Coffee has an incredibly interesting history. The integration of the product into the politics, economics, religion and philosophical discussions throughout time is worth a study. Coffee is a part of the cultures of mankind. It is a universal language that exists in the Middle East, Africa, Europe, South America, parts of Asia, and certainly the United States.
There are numerous stories regarding the discovery of coffee; whether it was a shepherd following the lead of his flock who were seen chewing the red coffee cherries and falling over from a caffeine stupor or something more scientific, we may never know. All would agree, however, the origins of the product are in Ethiopia and Yemen. The first coffee houses sprung up in Mecca and quickly spread throughout the Arabian trade routes. The Dutch, apparently brought the beans through Indonesian and then with Venetian traders to Europe.
The first known coffee houses in Europe, began in Italy, and in 1720 the Caffe' Florian opened in the Piazza San Marco. This plush coffee house is still operating.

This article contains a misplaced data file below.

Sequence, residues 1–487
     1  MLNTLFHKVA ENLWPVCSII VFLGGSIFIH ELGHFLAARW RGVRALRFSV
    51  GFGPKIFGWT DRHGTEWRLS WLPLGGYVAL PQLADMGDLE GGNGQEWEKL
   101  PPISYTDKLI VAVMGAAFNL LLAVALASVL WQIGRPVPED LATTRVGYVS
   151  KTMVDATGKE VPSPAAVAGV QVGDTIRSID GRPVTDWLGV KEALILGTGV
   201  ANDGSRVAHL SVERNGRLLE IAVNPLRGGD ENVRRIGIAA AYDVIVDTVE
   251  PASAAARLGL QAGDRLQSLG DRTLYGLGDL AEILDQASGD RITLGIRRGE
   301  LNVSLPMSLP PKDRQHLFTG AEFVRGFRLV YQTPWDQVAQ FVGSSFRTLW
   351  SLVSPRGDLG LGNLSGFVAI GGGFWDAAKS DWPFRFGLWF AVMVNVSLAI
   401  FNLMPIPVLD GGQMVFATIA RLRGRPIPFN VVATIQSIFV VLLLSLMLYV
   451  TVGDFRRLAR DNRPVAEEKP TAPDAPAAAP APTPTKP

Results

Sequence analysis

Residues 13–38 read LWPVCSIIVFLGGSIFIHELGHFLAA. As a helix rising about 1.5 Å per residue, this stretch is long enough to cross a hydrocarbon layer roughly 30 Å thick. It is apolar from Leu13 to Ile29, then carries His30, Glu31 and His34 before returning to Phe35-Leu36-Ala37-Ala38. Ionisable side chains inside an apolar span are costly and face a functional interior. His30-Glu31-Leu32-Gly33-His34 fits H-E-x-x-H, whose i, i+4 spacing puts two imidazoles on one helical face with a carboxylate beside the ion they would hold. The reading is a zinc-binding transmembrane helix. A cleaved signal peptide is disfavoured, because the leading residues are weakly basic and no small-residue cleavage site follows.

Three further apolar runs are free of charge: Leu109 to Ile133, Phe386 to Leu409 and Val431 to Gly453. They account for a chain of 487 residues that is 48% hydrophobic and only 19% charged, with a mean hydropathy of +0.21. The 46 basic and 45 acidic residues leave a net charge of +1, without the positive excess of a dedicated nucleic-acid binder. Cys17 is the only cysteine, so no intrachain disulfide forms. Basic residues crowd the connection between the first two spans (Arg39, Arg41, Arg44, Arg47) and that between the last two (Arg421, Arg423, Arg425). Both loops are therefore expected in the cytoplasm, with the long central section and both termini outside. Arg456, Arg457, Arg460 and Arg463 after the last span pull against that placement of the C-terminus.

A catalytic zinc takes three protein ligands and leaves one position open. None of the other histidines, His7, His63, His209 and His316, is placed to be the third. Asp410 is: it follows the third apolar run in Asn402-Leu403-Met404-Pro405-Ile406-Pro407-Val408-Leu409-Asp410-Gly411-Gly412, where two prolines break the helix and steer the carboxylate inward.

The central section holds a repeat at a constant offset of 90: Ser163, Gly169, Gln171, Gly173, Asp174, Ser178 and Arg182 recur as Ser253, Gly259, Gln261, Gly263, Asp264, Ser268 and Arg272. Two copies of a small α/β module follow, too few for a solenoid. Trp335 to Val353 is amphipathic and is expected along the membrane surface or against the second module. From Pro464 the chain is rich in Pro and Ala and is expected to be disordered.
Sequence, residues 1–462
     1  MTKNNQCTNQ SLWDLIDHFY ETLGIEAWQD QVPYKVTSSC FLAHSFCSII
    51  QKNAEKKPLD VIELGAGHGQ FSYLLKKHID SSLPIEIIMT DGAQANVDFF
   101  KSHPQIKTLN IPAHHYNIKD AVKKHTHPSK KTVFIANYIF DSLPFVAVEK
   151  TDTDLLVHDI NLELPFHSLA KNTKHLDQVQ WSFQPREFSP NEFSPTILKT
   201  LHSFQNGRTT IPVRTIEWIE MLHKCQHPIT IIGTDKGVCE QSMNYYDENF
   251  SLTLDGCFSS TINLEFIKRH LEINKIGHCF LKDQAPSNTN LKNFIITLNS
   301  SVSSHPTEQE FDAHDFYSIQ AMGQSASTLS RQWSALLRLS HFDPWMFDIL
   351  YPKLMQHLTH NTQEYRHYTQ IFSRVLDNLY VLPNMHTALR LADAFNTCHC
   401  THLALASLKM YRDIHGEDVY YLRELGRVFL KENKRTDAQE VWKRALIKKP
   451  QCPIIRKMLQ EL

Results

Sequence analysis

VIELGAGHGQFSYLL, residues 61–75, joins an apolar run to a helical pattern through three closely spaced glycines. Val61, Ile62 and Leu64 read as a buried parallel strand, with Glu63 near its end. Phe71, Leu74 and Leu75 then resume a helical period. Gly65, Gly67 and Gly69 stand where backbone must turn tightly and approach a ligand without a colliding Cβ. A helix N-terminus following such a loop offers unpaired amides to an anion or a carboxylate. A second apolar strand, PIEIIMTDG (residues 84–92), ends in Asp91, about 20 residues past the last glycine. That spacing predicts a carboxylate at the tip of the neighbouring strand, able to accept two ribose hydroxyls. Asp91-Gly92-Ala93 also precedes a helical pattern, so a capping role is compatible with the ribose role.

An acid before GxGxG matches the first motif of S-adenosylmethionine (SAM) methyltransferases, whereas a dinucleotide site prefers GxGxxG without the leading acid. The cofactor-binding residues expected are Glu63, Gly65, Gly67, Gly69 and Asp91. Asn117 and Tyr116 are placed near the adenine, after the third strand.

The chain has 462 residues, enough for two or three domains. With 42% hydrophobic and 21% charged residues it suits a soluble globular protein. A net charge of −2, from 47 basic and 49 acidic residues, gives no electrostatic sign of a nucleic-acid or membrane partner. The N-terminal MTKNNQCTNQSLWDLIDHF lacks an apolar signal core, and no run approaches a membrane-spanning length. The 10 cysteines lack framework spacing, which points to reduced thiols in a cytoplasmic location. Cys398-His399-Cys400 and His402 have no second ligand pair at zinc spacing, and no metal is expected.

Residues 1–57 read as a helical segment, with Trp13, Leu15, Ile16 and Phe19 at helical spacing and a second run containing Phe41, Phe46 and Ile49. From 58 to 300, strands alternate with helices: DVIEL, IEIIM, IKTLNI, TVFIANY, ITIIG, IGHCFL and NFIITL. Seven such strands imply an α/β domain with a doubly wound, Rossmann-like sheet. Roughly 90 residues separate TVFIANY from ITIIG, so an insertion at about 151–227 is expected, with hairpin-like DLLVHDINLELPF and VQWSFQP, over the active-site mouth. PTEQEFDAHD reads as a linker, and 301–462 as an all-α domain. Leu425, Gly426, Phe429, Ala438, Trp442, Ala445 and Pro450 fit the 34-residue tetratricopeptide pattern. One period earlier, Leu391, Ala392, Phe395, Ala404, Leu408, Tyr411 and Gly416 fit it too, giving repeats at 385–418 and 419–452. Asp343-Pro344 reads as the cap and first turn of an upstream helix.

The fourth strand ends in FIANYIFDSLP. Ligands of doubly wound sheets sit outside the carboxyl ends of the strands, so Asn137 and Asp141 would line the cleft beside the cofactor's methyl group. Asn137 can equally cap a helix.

Around the same time, coffee gatherings were happening in America in the centers of New York and Boston. I hadn’t realized, until I did some research, that The New York Stock Exchange began in a coffee house on what would become, Wall Street. Of course, we all know that the Boston Tea Party, presented as a protest to the tea tax, was organized in a Boston coffee house.
http://www.caffeflorian.com/
What is most important about coffee houses is they were the portal for intellectual and political (note that I separated the two) discussions both in Europe and America. In all likelihood, the plans for the Declaration of Independence and our Constitution were designed with a cup of coffee in hand. This opportunity to converse on important topics is the hallmark of coffee houses, something that, in recent years, has been re-created from coast to coast. One could almost feel the creative energy in modern American coffee houses, the place where many business start-ups, brilliant theories and creative relationships were nurtured. Starbucks greatest contribution to America may very well be as an incubator for the greatest business ideas of the 21st century; an incubator fueled by coffee.